Progesterone Capsules

How Does the Medication Work?

As the name implies, progesterone capsules contain the hormone progesterone. This medication is structurally identical to the progesterone made naturally in the body. In fact, progesterone capsules are the only hormone replacement therapy medication with bio-identical progesterone that has been approved by the U.S. Food and Drug Administration (FDA).
Women who still have a uterus (who have not had a hysterectomy) who take estrogen hormone replacement therapy must also take progesterone or a progestin (a synthetic progesterone-like drug) in order to prevent abnormal thickening of the lining of the uterus caused by the estrogen. This abnormal thickening can lead to cancer of the lining of the uterus. Taking progesterone or a progestin decreases this risk. Of course, this applies only to women who still have a uterus (who have not had a hysterectomy). For women without a uterus, progesterone is usually considered unnecessary.
Progesterone capsules are also approved to cause a period in women who have stopped having periods before menopause for various reasons. Stopping the medication after taking them for a short time (usually ten days) will cause "withdrawal" bleeding (a period) within seven days of the last dose. This mimics the normal drop in progesterone levels that causes regular menstrual periods.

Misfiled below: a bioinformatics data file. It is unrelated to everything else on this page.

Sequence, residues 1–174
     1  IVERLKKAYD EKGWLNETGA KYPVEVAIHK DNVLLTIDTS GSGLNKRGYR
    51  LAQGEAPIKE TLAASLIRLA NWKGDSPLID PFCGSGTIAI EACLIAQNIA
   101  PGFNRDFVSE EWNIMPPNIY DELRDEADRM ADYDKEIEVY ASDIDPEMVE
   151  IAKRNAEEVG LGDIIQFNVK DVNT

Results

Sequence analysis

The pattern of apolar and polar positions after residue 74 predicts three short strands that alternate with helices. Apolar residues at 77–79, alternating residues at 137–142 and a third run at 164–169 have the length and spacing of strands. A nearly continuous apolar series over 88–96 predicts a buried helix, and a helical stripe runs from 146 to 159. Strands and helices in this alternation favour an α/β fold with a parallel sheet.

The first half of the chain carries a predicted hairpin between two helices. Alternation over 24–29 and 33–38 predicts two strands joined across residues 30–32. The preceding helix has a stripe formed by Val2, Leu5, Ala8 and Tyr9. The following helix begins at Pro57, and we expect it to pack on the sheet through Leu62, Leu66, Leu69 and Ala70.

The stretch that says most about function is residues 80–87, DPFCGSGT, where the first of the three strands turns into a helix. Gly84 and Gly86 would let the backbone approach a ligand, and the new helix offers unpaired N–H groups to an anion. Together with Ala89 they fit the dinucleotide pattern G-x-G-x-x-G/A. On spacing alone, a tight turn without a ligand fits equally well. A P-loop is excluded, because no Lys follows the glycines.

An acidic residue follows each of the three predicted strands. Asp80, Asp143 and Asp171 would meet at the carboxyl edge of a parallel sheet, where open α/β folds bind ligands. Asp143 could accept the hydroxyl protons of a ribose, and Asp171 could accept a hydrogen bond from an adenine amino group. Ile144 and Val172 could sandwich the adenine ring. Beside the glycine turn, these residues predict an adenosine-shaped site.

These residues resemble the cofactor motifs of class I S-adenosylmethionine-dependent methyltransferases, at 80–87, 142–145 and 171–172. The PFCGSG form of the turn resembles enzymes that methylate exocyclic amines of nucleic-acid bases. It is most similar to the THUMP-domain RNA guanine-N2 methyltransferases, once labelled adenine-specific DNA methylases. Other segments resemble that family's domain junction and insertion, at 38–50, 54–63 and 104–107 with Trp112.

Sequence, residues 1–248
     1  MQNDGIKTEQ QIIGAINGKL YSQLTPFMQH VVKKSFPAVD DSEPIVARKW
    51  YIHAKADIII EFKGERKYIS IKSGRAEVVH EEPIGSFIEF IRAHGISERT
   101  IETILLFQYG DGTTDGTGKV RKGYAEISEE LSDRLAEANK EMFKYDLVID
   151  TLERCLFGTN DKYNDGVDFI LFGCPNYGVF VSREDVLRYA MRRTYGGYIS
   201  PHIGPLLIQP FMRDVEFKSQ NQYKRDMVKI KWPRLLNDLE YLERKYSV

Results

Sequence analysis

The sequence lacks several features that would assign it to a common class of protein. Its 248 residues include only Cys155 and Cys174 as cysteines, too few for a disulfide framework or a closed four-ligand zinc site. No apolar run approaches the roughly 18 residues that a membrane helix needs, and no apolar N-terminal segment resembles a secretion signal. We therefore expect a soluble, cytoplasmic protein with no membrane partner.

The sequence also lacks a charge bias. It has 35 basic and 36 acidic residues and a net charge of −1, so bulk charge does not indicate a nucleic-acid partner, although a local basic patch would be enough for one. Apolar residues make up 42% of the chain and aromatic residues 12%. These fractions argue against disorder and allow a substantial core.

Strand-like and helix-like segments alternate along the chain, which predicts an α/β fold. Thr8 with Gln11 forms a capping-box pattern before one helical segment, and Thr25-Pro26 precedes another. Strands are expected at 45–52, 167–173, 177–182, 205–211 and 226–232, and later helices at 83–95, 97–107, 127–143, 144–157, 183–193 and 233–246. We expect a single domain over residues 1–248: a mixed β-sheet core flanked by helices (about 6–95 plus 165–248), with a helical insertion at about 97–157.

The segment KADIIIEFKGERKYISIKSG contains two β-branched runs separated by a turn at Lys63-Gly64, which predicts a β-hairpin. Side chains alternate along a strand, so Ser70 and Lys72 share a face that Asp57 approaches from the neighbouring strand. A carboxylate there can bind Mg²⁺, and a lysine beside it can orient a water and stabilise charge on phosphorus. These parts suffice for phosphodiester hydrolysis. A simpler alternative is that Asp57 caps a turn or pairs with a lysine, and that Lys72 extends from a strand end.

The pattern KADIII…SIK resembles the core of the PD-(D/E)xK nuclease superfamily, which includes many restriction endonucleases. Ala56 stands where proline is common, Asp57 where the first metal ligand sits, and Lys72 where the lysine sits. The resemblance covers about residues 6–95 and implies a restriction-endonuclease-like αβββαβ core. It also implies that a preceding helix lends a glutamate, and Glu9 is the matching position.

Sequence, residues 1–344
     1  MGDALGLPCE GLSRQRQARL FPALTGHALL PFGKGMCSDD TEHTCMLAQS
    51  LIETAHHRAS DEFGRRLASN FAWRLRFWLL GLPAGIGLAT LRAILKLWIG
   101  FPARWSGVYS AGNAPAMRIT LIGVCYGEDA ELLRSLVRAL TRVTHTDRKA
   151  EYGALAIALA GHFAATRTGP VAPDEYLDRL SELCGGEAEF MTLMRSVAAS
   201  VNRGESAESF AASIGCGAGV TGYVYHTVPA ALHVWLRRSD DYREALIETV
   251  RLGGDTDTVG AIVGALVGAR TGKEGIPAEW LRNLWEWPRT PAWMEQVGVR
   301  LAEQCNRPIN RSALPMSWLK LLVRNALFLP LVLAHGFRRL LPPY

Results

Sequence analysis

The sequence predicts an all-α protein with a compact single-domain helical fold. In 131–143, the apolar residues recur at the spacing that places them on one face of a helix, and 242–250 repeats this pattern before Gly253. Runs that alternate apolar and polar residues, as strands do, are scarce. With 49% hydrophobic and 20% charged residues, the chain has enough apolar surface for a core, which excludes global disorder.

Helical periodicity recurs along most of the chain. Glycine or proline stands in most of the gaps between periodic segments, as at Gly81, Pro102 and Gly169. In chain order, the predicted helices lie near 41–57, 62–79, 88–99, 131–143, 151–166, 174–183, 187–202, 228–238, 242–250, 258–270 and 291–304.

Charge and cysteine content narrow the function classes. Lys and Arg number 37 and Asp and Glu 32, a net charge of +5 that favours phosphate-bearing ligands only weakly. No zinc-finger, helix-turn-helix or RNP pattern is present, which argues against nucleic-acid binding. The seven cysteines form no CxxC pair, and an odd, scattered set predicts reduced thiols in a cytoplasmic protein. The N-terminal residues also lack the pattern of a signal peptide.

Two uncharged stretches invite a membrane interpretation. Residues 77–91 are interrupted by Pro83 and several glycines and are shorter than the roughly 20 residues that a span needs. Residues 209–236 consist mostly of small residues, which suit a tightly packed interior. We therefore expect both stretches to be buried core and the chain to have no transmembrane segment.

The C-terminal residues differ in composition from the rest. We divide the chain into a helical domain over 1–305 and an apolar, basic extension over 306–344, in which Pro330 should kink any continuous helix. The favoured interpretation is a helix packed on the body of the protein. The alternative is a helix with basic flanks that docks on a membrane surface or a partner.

When and How to Use Progesterone Capsules

General considerations for when and how to use progesterone capsules include the following:
  • The medication comes in capsule form. It is taken by mouth once a day at bedtime.
  • For hormone replacement therapy, progesterone capsules are taken 12 days in a row during each 28-day cycle of estrogen medication. You may not have regular periods while taking the medicine.
  • For causing periods in women before menopause, progesterone capsules are taken for 10 days.
  • You can take progesterone capsules with or without food. If the medication bothers your stomach, try taking it with food.
  • For the medication to work properly, it must be taken as prescribed.
Last reviewed by: Kristi Monson, PharmD
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